Wrestling And Racing Share The Bill

Valparaiso IN Times – April 27, 1997

CRETE – This was too good to be true, but the newspaper ad seemed to be legit.

Balmoral Park and Windy City Wrestling
Present – 1st Time Ever
Pro Wrestling
Featuring Wrestling and Racing
King Kong Bundy – Koko B. Ware
Midgets – 7 title matches
Bell – 5:30 Racing – 7:30

Surely, this was a joke, or something out of the Bill Veeck school of marketing.
You want entertainment? Come see Eddie Gaedel Jr. jump over the ropes, win the WCW midget title, and then guiding Sea Biscuit home in the fifth.

But sure enough, at 5:30 p.m. Saturday about 1,000 fans of all shapes, colors and ages had slapped their fannies into the Balmoral grandstand on the second floor. If they looked out onto the track behind the makeshift ring, they could see some of the featured horses of the night warming up. Not many did.

Down on the first floor, Mr. Racing Form Vendor was trying to make a living. He didn’t want to give his name. He knew this was a slightly different kind of night.
“The people up there are not regular customers,” he said. “That’s a new crowd.”

A new crowd is exactly what the horse racing industry is trying to attract. Riverboat gambling, cable and age have thinned out the horse crowd to where many tracks nationwide are struggling, closing or both.

So it’s in their best interest to try Something Completely Different.

If Saturday was any indication, they may be onto something. Not only were Mssrs. Bundy and Ware in the house for entertainment, but also the WCW lightweight champion, Calvin Thomas, the “Chi-Town T.”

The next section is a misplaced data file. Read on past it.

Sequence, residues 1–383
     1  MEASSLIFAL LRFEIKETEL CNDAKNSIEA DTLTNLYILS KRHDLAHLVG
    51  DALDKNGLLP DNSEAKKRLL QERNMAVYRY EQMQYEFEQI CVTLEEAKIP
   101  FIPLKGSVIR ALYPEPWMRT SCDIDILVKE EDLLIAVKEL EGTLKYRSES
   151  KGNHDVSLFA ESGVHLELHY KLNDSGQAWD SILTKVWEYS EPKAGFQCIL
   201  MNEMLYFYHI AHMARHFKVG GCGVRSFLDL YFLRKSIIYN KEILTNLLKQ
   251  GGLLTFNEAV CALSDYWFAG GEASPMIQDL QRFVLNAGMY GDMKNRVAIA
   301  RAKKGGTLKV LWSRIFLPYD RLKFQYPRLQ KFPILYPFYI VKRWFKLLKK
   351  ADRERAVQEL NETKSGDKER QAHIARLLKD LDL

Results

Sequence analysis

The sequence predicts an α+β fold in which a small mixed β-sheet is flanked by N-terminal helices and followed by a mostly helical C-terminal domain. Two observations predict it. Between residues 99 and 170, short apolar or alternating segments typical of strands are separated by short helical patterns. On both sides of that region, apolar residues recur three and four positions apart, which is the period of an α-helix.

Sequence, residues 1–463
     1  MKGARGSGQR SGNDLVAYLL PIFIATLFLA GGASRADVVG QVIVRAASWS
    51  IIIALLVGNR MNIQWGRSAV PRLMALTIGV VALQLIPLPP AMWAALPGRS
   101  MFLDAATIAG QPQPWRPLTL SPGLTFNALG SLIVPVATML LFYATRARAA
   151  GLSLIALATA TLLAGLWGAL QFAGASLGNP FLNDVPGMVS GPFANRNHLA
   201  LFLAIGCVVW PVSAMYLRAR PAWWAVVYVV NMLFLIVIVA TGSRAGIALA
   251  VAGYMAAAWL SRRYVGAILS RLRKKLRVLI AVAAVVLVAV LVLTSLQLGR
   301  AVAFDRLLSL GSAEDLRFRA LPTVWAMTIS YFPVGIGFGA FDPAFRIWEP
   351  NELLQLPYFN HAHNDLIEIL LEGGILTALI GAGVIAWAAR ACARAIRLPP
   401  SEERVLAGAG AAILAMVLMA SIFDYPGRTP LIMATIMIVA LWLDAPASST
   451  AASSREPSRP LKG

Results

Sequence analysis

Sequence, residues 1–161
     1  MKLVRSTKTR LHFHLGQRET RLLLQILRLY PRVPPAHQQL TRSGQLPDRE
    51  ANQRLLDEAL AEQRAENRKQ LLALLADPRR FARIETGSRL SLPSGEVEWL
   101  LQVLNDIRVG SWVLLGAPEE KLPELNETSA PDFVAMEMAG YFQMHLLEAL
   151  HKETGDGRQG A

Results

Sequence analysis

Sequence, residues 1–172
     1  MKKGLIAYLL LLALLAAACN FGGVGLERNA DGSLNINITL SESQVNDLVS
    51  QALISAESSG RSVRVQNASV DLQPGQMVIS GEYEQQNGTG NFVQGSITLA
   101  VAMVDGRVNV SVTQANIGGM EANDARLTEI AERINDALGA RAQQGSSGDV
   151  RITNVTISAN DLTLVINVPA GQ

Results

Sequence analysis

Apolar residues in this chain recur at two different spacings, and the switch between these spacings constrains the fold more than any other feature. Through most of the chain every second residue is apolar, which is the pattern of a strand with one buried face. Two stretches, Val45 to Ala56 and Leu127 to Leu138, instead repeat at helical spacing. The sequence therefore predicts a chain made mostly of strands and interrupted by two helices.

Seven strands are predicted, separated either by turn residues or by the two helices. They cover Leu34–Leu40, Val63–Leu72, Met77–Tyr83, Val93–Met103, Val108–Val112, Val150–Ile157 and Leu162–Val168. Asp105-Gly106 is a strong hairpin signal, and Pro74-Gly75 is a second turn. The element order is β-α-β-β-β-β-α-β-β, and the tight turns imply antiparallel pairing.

If the name doesn’t ring a bell, Thomas was a backup fullback on the ’85 Bears. In the WCW, everyone’s a celebrity.

“This is great,” said Wayne Rollins, a retired Marine and Navy man who lives in Chicago Heights. “This has to be two of my favorite things. I can come and scream and yell, and then lose all my money right afterward.”

As with many fans, Rollins had a rooting interest, and not just because of the five empty beer cups stacked in his right hand.

His nephew, “Bulldozer,” had just lost a very, very important match to WCW heavyweight champ Mike Anthony.

Dozer looks like Meat Loaf in denim. He enters the ring to the soothing sounds of “Working Man,” by Rush. He’s earnest and wrestles by the rules, unlike that cocky Anthony character, who pulled on Bulldozer’s long hair many times and had to be warned by the referee. Meanie.

In the end, Dozer got jobbed because his wife got into a ringside tussle with Anthony’s babe, Baby Doll (not her real name), and Dozer was disqualified when he left the ring to break up the spat.

Bulldozer shook off that emotional loss and was able to wrestle two or three more times before the evening was up.

It helped that he had plenty of support. Uncle Dozer sat with his brother, Mr. Dozer — Bull’s dad — and about 10 more friends and family for an evening of beer and belly-to-back souffles.

Oh yeah, and by the way, horses.

“We’ve seen him wrestle about a hundred times,” Rollins said. “Most kids have got nothing to do. He went to wrestling school, trained hard. There’s a lot of education involved here. You have to know what you’re doing.”

Yes, you do, and Balmoral did with this one. A thousand people at 10 bucks a pop plus concessions equals something for not much.

Down below, Mr. Racing Form Vendor was counting his money, and chuckling.
“They go where the show goes,” he said, motioning toward upstairs. “Will they be back? I couldn’t tell you.”

Bulldozer and his entourage will be, at Balmoral or wherever.

“It’s all about showmanship,” Rollins said. “Putting on a show. That’s what it’s all about. Nobody gets hurt. It’s a good time, right?”

Hey, whatever it takes.

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